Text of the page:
UPDATE: 153 asylum seekers held on customs vessel, in rooms without windows.
Fairfax has reported that approximately 153 asylum seekers – the Sri Lankan Tamils whose boat was intercepted by Australian authorities near Christmas Island two weeks ago – are being held on an Australian customs ship.
The rooms the asylum seekers are being held in reportedly do not have windows, and the people on board have not been informed about where they are positioned geographically nor told where they will be taken next. The passengers can only leave their rooms if they are accompanied by a guard.
The asylum seekers’ possessions have reportedly been taken from them, including mobile phones. Lawyers further claim that they are not being allowed “reasonable access” to legal advice.
These updates come from a document lodged with the High Court; the first news of the asylum seekers since the government said they were being held on a customs vessel weeks ago. The document was lodged as part of a case to determine whether the government has the power to intercept boats and take asylum seekers where it decides. The lawyers representing the asylum seekers are arguing that the government does not have the power to take these people to any country other than Australia, against their will.
UPDATE: The Asylum Seeker Resource Centre is reporting that the 41 asylum seekers handed back to Sri Lanka by the Australian Navy last week have been charged and could face up to two years in jail.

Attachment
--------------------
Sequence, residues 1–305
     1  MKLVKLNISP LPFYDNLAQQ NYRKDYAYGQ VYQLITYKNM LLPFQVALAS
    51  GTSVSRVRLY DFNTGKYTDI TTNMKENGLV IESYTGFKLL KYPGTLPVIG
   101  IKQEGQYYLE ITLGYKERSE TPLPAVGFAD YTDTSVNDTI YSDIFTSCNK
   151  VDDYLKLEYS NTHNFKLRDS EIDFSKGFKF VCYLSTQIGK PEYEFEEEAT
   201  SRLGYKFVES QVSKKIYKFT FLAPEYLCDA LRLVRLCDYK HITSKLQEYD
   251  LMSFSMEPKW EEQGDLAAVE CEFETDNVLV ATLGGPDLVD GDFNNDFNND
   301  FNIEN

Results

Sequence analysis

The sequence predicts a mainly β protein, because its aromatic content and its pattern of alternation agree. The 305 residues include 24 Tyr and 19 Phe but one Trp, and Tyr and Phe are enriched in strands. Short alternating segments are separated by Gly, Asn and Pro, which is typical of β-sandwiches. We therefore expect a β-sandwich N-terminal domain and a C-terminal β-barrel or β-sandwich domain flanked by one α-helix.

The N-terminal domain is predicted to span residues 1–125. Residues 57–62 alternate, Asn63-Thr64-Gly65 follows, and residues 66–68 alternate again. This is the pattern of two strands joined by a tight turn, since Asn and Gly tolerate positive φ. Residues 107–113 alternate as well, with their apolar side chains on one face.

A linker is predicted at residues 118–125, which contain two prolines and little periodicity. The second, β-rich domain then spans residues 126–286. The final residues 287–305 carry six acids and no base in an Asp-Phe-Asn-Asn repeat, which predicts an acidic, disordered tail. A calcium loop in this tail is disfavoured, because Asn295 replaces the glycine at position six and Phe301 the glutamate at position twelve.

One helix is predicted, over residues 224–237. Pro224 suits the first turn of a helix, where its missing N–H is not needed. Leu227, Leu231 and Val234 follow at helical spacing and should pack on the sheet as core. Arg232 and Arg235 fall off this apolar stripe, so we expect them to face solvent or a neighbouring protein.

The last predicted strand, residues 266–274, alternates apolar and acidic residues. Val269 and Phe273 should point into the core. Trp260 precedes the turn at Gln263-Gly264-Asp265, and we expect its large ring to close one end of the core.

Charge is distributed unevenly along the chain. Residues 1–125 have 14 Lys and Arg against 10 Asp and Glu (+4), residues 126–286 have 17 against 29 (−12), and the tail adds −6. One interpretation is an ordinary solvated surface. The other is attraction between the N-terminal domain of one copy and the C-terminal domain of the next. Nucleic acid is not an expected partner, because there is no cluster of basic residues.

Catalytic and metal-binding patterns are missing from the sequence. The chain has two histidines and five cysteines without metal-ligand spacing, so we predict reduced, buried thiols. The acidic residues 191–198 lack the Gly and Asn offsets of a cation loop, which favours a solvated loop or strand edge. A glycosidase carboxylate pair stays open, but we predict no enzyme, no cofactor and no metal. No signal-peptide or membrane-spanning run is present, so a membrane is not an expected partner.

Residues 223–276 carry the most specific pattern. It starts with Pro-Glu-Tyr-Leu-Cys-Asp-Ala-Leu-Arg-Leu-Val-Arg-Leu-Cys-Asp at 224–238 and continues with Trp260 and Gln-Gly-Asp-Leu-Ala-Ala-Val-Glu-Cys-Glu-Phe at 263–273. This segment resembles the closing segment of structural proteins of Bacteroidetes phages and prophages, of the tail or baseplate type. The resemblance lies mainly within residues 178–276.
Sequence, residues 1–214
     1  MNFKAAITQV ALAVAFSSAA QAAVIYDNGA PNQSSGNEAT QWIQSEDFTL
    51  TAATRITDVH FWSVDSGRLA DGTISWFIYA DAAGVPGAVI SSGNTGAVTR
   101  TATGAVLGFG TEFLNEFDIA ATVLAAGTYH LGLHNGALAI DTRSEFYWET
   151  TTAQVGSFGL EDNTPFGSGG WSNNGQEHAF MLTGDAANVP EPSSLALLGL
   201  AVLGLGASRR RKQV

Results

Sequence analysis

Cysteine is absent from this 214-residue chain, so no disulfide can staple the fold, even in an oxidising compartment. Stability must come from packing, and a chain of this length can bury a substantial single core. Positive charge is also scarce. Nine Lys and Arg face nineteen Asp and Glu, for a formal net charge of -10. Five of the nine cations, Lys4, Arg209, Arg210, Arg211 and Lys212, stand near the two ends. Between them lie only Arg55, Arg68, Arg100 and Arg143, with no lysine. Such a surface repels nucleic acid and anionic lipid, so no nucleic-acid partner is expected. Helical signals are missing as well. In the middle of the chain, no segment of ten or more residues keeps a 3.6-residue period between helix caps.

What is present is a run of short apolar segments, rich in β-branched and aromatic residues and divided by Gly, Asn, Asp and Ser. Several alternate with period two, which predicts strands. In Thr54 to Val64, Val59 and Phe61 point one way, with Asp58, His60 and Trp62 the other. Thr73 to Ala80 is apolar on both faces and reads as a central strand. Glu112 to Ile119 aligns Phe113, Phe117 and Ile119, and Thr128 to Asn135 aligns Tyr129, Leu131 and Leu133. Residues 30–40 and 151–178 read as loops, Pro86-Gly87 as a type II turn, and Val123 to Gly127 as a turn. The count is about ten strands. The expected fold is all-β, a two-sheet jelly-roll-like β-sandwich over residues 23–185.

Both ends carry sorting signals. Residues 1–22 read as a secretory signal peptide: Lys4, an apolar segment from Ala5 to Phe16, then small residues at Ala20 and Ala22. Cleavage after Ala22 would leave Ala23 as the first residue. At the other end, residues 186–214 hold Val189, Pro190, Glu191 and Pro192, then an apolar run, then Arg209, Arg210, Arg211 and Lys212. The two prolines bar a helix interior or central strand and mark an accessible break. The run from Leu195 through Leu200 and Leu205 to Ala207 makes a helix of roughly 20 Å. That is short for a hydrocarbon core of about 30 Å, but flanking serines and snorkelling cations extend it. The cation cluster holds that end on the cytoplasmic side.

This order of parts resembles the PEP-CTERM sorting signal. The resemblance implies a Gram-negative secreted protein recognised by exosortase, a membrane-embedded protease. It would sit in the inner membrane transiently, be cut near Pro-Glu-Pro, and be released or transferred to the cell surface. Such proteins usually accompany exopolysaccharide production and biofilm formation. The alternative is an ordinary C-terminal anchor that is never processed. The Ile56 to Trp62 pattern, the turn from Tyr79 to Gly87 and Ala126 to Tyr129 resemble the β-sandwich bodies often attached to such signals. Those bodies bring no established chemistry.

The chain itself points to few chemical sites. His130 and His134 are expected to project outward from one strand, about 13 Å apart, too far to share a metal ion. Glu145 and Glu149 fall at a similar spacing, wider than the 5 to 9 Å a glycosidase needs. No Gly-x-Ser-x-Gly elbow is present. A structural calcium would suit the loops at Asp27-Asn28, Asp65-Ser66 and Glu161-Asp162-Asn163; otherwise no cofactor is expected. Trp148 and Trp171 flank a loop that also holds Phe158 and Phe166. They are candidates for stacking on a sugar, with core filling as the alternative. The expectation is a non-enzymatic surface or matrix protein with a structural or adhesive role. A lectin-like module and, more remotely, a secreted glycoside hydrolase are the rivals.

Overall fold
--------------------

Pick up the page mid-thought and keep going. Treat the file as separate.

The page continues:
This from the The Asylum Seeker’s Resource Centre Facebook page:
In 2006, the man who would one day be President of the United States, Barack Obama, asked a group of graduating university students to consider their community’s empathy deficit.
He worried that we were losing our ability to “put ourselves in someone else’s shoes; to see the world through those who are different from us – the child who’s hungry, the laid-off steelworker, the immigrant woman cleaning your dorm room”.
Today, Australia is suffering from an empathy deficit. A deficit so great that I fear we may never repay it.
Our Government has confirmed that last week they intercepted a boat of 41 Sri Lankan asylum seekers, who were attempting to make the journey to Australia. Those on board had their refugee claims processed with questionably fast speed, assessed based on only a handful of questions and in all but one case, were rejected. This all happened while they remained on the water.
Every single person on that boat is now being returned to Sri Lanka, including the individual who was determined to possibly have a legitimate claim. The Australian Government says this individual chose to return voluntarily.